Noddy and ‘Yes on 74’

This November in Washington state, approval/rejection of gay marriage will be on the ballot under Referendum 74. Even though a bill legalizing same-sex marriage was passed and signed into law by Governor Christine Gregoire back in February, the day before the law was to take effect, haters and basic b*tches submitted enough signatures to put personal choice and marriage rights up for public vote.

In response, local organizations and musicians have been advocating for approval of Referendum 74, including my own band Noddy. Theez Queens just released our new EP Yes on 74, which is available for download — with all proceeds through October 31st benefiting Washington United for Marriage. So subject yourself, won’t you — to the sickening, exxxtravagant, everythang sounds of Noddy (backup yodelin’ and (butt)trumpeting courtesy of yours truly). No tea no shade, it’s for a good cause. YASS hunty, and YASS on 74! Let’s get our marriage on!

Sakura-Con J-Pop Extravaganza!

Since the Asian Americans behind this blog don’t know shit about Japanese pop culture, this guest post is brought to you by special J/K Pop correspondent, lace front-wearin’ Sakura fashion model, and BCB Affirmative Action Fellow, Reese Umbaugh aka Bishie Reesie.

Beginning today, all of downtown Seattle will be flanked by cosplayers, otakus, and tons and tons of adults in Pokémon costumes. That’s right: It’s Sakura-Con weekend. For those unfamiliar, Sakura-Con is Seattle’s annual three-day anime convention held at the cavernous Washington State Convention & Trade Cener. Programming includes panels on everything from voice acting to Japanese cooking, RPG and tabletop gaming, fashion shows (more on that in a later post!), and J-pop concerts.

Much like my previous post on K-pop, I’d like to take a moment in honor of Sakura-Con weekend and share with you my 5 favorite J-pop bands, in no particular order:


If you are a fan of anime, there’s a damn good chance that you’ve heard a song by Stereopony. They basically have the anime theme song market on lockdown, having done theme songs for Gundam, Bleach, and Darker Than Black. They’re also note-worthy for being an all-female rock band, which makes them instantly badass. If you’re into it and heading to Sakura-Con then you’re in luck! Stereopony will be performing tonight at 6:30PM. Not able to make it? Good news, they’re also live-streaming the show. More info here.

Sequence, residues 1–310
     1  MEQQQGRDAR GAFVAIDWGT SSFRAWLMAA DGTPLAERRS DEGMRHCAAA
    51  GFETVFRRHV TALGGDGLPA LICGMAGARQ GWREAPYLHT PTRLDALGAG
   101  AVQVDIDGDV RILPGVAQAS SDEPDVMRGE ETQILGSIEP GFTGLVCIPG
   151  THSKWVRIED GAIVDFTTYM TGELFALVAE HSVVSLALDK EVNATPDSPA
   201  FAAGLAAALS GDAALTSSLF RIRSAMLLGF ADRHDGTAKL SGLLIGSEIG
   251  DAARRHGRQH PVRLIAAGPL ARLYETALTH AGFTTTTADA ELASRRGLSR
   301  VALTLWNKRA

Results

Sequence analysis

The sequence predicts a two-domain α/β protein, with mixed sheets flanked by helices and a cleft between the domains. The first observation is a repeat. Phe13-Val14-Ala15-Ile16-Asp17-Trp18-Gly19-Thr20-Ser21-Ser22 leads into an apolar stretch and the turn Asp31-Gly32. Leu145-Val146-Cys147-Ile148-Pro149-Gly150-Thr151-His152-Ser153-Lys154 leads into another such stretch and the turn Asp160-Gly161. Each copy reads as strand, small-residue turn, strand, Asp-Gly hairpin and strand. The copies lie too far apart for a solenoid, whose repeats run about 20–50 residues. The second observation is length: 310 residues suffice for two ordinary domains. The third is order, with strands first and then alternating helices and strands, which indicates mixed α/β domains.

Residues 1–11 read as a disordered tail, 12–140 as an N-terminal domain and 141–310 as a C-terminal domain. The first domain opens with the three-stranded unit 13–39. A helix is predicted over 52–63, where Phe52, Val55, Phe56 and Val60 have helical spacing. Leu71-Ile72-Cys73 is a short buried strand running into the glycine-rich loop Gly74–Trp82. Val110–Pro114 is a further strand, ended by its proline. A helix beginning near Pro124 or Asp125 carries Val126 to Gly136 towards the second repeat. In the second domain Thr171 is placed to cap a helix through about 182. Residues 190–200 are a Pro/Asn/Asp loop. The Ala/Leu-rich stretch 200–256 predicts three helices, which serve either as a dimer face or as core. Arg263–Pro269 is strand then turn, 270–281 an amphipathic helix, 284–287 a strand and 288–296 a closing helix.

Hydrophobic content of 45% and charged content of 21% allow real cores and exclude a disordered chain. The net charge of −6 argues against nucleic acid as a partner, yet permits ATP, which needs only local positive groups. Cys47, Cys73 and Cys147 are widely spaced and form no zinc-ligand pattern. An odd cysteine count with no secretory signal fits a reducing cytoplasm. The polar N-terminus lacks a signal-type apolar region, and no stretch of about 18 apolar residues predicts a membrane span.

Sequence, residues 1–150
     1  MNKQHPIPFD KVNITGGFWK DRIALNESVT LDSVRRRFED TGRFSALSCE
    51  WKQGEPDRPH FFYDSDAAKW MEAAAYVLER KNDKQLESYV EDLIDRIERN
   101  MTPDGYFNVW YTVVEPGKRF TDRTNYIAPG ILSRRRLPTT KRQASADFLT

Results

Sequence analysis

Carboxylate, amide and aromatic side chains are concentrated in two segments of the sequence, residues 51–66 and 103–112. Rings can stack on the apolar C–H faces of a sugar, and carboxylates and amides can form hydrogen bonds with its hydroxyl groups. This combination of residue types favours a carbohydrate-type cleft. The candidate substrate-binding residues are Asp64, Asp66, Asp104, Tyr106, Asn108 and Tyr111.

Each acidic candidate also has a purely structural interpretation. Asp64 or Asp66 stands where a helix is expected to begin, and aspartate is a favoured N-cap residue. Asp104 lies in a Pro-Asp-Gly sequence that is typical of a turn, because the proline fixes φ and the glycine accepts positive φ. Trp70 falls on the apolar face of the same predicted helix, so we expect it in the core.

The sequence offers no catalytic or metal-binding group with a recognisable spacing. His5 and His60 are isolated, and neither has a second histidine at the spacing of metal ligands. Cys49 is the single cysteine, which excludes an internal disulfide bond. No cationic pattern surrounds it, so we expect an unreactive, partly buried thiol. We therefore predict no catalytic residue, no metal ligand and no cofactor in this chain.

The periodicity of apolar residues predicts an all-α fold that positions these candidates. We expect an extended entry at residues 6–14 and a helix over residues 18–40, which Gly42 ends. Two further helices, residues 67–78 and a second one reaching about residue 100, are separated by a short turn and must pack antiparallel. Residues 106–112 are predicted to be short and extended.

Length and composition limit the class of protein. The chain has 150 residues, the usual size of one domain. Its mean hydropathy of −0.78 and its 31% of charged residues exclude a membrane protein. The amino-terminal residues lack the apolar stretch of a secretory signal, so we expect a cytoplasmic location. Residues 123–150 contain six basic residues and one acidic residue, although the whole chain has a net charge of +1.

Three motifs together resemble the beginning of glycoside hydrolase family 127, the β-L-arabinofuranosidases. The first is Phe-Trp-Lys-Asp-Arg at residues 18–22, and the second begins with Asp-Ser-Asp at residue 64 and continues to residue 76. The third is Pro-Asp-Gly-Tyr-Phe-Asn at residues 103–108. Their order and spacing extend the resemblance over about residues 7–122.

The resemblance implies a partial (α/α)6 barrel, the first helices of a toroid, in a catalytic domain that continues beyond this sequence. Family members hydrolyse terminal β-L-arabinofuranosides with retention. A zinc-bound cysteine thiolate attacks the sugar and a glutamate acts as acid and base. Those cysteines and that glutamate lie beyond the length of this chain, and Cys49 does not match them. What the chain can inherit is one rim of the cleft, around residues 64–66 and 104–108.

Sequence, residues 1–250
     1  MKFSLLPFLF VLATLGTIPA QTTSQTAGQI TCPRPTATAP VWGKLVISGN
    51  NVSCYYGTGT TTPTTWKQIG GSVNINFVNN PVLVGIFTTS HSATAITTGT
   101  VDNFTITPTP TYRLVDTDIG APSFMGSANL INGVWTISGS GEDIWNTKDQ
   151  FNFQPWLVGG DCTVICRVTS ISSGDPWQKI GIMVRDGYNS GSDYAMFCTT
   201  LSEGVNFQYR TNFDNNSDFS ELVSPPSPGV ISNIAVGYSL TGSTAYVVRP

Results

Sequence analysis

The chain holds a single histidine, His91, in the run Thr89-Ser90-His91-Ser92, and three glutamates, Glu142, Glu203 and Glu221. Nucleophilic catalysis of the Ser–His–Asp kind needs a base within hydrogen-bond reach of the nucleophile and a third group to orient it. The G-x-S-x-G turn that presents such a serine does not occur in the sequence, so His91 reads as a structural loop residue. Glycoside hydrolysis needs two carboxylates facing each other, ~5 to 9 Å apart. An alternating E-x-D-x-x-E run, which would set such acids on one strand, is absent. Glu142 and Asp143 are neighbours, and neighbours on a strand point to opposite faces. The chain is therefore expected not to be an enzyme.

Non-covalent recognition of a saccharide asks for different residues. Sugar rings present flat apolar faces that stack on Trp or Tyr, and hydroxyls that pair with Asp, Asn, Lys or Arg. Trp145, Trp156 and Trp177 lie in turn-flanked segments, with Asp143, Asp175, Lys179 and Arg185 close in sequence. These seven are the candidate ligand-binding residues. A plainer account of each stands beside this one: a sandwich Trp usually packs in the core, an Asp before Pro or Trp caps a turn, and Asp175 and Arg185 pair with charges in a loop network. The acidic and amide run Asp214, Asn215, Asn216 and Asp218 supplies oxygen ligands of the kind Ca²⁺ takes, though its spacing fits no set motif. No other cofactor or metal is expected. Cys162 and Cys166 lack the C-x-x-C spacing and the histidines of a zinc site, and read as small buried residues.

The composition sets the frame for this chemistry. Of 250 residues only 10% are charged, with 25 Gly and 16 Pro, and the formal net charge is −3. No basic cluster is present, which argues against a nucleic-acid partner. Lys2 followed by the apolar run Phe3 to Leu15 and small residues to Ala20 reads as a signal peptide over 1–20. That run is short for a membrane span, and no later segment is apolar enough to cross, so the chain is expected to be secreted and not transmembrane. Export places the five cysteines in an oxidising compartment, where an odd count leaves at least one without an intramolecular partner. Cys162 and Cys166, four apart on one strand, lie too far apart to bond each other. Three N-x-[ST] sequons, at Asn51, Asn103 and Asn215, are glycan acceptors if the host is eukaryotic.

The Pillows:

Man, I love me some Pillows. I remember being in high school and spending a hefty chunk of change to import this record from Japan. I’d blast it in my car on full volume with my windows down and other kids would stare me down. I finally saw The Pillows live in a shitty Seattle venue last fall and they blew my face off.


Originally formed in 2001, Perfume has slowly taken over the Japanese pop world. Recently signing on with Universal in order to release their music internationally, the girls seem poised for worldwide success. Fun Fact about Perfume: They formed the group themselves as teenagers, without being put together by a record company. This video stands as one of my favorites of all time.

Shonen Knife:

The song above is called “I Am a Cat”. That is all.

The Seatbelts:

Less a band and more a force of nature, The Seatbelts is composed of over a dozen members and helmed by the musical Goddess of anime: Yoko Kanno. Nothing makes me want to run in the opposite direction quite like the words “jazz band”, but The Seatbelts are so much more than that. They span genres, have songs in multiple languages, and make some of the craziest music I have ever heard.

See you in the mosh pit at Sakura-Con!

Adam WarRock X Downton Abbey = Bloomers Blown

Nerdcore rapper Adam WarRock — aka Eugene Ahn — flows about comic books, sci-fi (he made a mixtape inspired by Joss Whedon’s Firefly), and most recently — British TV series Downton Abbey.

Downton Abbey is my meth. My favorite activity as of late (besides unnecessarily inserting terms like “as of late” into conversation) is to chin-palm and daydream about The Dowager Countess’ wicked quips, Cousin Matthew and Lady Mary’s incestuous sexual tension, and how delightfully bitchy those three sisters are to each other. I have stayed inside on Saturday nights in New York City to watch bootleg DA episodes on a grainy, stuttering stream on my laptop. I’m not generally into shows about romance ‘n’ junk, but I AM a huge sucker for period dramas, old-timey wardrobes, and repressed feelings.

So in response to this rap, I have to say to Adam WarRock: THANK YOU EVER SO MUCH M’LORD, for bringing together the wonderful worlds of hip hop and WWI-era British society’s class tensions and fading traditions of the aristocratic landed gentry.

Some of my fave lyrics include:



Friday Fuckery: North Korean “Take on Me”

Think you’ve heard A-ha’s “Take on Me” so many times that you’ll gouge your eyeballs out next time it comes on in the frozen meats section?  Well, you can handle hearing it once more, especially because this version is pretty boss. Five North Korean students cover the iconic ’80s song and enhance it in the best way imaginable…with accordions.

Now if only they could star in their own pencil-sketch/live action music video: